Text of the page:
Critics of proposals for decentralized federalism in Iraq raise several standard objections. See this recent piece by Anthony Cordesman for a representative example (hat tip to an anonymous commenter on my previous post). Here, I answer three of the most important ones: distribution of oil revenue, the problem of local minorities, and the claim that federalism will lead to partition.
I. Distribution of oil revenues.
The vast majority of Iraqi economic production and government revenue consists of oil. Nearly all the oil is found in the Kurdish north and the Shia-majority south. Thus, majority-Sunni central Iraq might be left out in the cold. Fortunately, all three of the federalism proposals cited in my earlier post propose ways around this problem. The possible solutions are guaranteeing the Sunnis a share of the government's oil revenue (Biden), a privatization model that would give all Iraqis individual ownership rights over oil (National Review), or a combination of the two (my approach).
If any of these policies are put into effect, there will initially be problems of credible commitment. The Sunnis might fear that the Shiites and Kurds will renege on the commitment to give them their share of oil money. However, once the payments get off the ground, these concerns can be eased. The US, if it wants to, can give the Shia-led government strong incentives to make the payments happen. The Iraqi government is likely to remain dependent on US assistance for some time, and we could condition that assistance on compliance with the terms of the federalism deal. Moreover, once payments begin, the government will have a self-interest in continuing them because the alternative would be a civil war that is much more costly. Finally, under my approach and National Review's (privatized shares of oil stock given to each member of the population, regardless of religion and ethnicity), any attempt by the government to confiscate the shares of the Sunni population would be likely to undercut the market value of ALL shares, including those held by Kurds and Shia. Kurdish and Shia shareholders would thus have a common interest with the Sunnis.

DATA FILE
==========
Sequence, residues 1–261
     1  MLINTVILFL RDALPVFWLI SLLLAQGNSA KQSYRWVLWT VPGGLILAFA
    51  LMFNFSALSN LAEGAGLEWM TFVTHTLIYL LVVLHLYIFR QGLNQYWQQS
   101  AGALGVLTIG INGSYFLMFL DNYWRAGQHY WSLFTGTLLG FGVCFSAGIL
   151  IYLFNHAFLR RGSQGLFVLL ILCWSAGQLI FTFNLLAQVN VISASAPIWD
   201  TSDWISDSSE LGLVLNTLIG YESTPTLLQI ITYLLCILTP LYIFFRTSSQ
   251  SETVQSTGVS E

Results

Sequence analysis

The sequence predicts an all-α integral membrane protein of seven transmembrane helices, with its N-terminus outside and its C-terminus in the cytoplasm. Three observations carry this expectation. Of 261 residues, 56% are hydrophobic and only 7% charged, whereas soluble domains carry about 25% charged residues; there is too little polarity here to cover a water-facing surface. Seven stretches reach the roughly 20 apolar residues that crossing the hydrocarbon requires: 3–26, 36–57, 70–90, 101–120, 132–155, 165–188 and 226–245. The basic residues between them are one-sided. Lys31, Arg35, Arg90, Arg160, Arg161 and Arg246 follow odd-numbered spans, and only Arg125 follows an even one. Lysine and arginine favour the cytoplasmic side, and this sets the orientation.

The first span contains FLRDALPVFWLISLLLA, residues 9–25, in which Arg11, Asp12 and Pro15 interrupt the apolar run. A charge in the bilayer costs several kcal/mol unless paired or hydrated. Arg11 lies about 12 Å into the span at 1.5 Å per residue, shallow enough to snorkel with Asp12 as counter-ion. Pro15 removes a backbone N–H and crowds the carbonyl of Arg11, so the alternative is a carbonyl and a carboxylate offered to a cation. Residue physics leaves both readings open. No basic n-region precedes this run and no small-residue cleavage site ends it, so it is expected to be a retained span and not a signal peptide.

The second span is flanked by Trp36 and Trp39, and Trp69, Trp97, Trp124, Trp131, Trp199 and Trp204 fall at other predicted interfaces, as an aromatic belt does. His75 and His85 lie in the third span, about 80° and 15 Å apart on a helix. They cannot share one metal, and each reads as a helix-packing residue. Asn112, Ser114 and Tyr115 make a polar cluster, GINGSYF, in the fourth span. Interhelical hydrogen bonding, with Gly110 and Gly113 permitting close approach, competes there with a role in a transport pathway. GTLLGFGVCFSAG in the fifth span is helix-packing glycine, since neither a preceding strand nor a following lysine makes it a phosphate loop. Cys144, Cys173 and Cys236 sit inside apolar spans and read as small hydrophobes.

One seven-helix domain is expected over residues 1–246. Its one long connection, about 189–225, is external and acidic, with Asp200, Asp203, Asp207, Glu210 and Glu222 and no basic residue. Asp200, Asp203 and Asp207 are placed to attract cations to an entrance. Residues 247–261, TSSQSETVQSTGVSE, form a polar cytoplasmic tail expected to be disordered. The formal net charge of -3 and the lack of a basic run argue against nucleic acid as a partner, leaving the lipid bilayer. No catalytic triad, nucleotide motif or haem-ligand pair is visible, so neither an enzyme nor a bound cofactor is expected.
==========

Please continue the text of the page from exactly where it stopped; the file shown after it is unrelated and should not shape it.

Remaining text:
II. Mixed areas.
Most parts of Iraq do not have homogenous populations. There are Shia living in Sunni areas, Sunnis living in majority-Kurdish areas, and so on. In a federal system, the rights of local minorities may well be threatened by the local majority. Of course this problem does not disappear under a highly centralized government. Ultimately, the parties will have to bargain out the exact boundaries between them, addressing disputed areas such as Kirkuk. Whatever the details of the final settlement, there will obviously still be local minorities. There are two ways to protect their rights: 1) judicial review under a central constitution that guarantees basic individual rights, and 2) mutual deterrence.
Both approaches should be tried, but I set more stock by the second, because the Iraqi judicial system is in its infancy and is likely to improve only very slowly. The Sunni authorities should be able to agree to protect Shiite and Kurd minorities in their midst in exchange for the latter protecting the Sunnis in their areas. Such an "exchange of hostages" model is not very inspiring, but it does give regional governments an incentive to respect the rights of local minorities. Here too, the US and its Coalition partners can play a role in enforcing the bargain by denying or reducing aid to regional governments that violate minority rights. Will it work perfectly? Of course not. But it is better than the alternatives of civil war or centralization. Under the latter, the dominant group in the central government would be able to oppress its rivals all over the country, not just in a few regions.
III. Federalism and partition.
Critics of decentralized federalism often claim that it will lead to partition. Some, like Cordesman in his NY Times piece, do not even seem to distinguish between the two. It is in fact the fear of a dominant central government dominated by one's enemies that leads to pressure for partition. Implementation of a strong form of federalism would dampen these fears, though probably not completely eliminate them. Realistically, the Kurds will not accept a highly centralized government of any kind (and I don't blame them). The Sunnis will not accept one dominated by the Shia, as is likely to be case if the government continues to be democratically elected (the Shiites are 60% of the population). By removing the threat of nation-wide domination by one group, decentralized federalism will reduce pressures for partition rather than increase it. This is especially likely in light of the fact that partition would leave all three major Iraqi groups vulnerable to the depradations of Iraq's unscrupulous and rapacious neighbors. Federalism is a way to capture the main benefits of partition, while mitigating its dangers.
Decentralized federalism is not a panacea for Iraq's many problems, but it does have important advantages over the alternatives of centralization, partition, and civil war.